Venezuela oil flows under data fog
Petroleumworld 01 18 2019
Venezuela's crude production is starting to rise after stabilizing in the final weeks of 2018, but persistent distortions in the government data is overshadowing the slight rebound.
In December 2018, official crude production data and the average estimated by secondary sources grew further apart, highlighting doubts over the integrity of the government's output assessment.
The December average of secondary sources is 1.148mn b/d, down by 33,000 b/d from November, according to Opec's Monthly Oil Market Report issued today. The Venezuelan government´s official December production figure published by Opec is 1.511mn b/d, representing an increase of 47,000 b/d from the previous month, bringing the gap between the two production figures for December is 363,000 b/d.
Argus determined that Venezuela managed to check its long production decline at around 1.15mn b/d in December, mainly because of key repairs to extra-heavy crude upgraders at Jose.
Newly released PdV production data for December shows that PetroMonagas, a joint venture between PdV and Russia's state-controlled Rosneft, and Sinovensa, a blending joint venture between PdV and China's state-owned CNPC, added a combined 30,000 b/d in December. The PetroPiar upgrading venture linking PdV and Chevron was stable.
Output is now on course to average around 1.2mn b/d in January, according to Argus estimates.
According to internal PdV analysis, the official figures are inflated by a series of factors starting at the wellhead, including tallying gas liquids, condensates and water into the volumes. The water cut in particular contributes to a systematic gap between operational data — which is reported to PdV headquarters by field managers — and the metered data that is overseen by the oil ministry. Field managers sometimes exaggerate the operational data to meet performance targets or obscure chronic upstream problems exacerbated by a lack of oil services and theft of oil and equipment.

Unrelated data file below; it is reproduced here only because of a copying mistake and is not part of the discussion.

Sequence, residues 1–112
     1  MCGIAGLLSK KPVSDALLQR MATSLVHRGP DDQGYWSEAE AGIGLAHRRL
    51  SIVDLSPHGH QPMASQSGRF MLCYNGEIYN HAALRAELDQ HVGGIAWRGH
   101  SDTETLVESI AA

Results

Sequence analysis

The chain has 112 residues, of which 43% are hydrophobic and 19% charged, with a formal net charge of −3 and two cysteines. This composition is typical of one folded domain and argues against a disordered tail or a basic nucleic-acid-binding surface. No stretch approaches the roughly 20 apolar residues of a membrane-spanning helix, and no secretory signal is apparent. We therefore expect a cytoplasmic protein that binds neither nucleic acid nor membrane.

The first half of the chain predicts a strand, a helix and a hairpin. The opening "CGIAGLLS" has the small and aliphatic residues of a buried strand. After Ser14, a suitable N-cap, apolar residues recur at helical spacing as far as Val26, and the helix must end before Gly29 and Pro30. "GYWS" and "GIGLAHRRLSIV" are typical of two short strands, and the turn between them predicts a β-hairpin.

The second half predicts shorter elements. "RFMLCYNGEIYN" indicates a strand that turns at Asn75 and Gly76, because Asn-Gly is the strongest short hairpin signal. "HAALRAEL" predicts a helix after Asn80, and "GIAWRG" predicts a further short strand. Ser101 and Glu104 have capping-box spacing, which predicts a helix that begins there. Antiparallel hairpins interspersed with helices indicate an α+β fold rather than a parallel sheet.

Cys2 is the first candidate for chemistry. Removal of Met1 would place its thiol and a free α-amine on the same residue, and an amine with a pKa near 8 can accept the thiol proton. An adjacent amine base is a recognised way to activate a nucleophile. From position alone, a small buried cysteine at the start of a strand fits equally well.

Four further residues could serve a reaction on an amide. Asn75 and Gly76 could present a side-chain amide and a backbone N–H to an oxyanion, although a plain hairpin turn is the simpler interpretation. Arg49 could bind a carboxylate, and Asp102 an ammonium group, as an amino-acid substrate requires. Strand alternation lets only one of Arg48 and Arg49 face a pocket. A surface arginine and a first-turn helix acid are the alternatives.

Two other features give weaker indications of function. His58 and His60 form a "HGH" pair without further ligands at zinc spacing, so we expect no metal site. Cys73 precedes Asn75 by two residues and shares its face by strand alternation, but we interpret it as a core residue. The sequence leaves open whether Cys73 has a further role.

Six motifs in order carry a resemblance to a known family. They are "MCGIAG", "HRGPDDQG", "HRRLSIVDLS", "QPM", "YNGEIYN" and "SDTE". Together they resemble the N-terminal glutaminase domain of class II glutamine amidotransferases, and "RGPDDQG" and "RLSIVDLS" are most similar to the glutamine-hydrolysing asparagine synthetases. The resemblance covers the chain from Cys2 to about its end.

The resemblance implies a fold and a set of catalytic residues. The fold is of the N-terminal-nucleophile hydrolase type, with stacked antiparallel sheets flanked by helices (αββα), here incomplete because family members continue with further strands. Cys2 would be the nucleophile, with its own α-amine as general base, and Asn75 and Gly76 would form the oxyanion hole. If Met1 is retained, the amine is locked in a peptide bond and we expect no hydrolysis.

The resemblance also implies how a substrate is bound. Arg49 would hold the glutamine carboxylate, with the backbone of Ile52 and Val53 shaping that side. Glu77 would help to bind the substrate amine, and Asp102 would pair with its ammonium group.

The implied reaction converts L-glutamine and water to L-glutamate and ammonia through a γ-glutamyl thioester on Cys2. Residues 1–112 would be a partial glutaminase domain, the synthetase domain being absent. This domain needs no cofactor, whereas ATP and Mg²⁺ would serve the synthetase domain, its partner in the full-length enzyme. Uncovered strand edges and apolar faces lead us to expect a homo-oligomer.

A PdV manager says that the data is especially opaque in the company's mature western division around Lake Maracaibo.
"In the west, operational production data is manipulated compared with the inspected data," the manager explained. "Because this production goes to the internal market, it's hard to detect the alterations."
"Operational data is a lot higher than the inspected data. The question is, what happened to the crude that wasn't metered? The metered data is closer to reality."
For crude exports, the data is clouded by the presence of naphtha that is used as a diluent for extra-heavy Orinoco crude. The additive is becoming increasingly relevant as diluted crude oil (DCO) — which incorporates around 30pc imported naphtha — takes up a growing share of exports to the detriment of higher-value grades such as 16°API Merey blend. In recent months DCO exports have reached 300,000-400,000 b/d, or more than a third of total crude sales, compared with around 180,000 b/d at the start of 2018.
In PdV's original development model for the Orinoco oil belt, the naphtha used to transport the extra-heavy crude was stripped out at the joint venture upgraders and looped back by way of pipeline to the oil belt for re-use. But most of the naphtha is now imported and then re-exported as part of the DCO barrels, a process that PdV officials say privately is unsustainable commercially and contributes to heavy financial losses.
In November alone, PdV and its joint ventures imported 112,000 b/d of naphtha.
As for some secondary sources, PdV officials contend that there is a downward trend bias that has proven difficult to shake off. The gap between official and unofficial production data should now be around 200,000 b/d, they say.
Looking ahead, repaired gas re-injection that Shell is starting to carry out in northern Monagas state in eastern Venezuela could further bump up output, but declines in the troubled western division could outpace any gains in the east.
The small recovery in Venezuelan crude production still leaves the Opec country well short of its 1990s record output of more than 3mn b/d.
Secondary source data is used by Opec to monitor quota compliance, a factor that is not relevant for Venezuela because it is producing far below its allocation.
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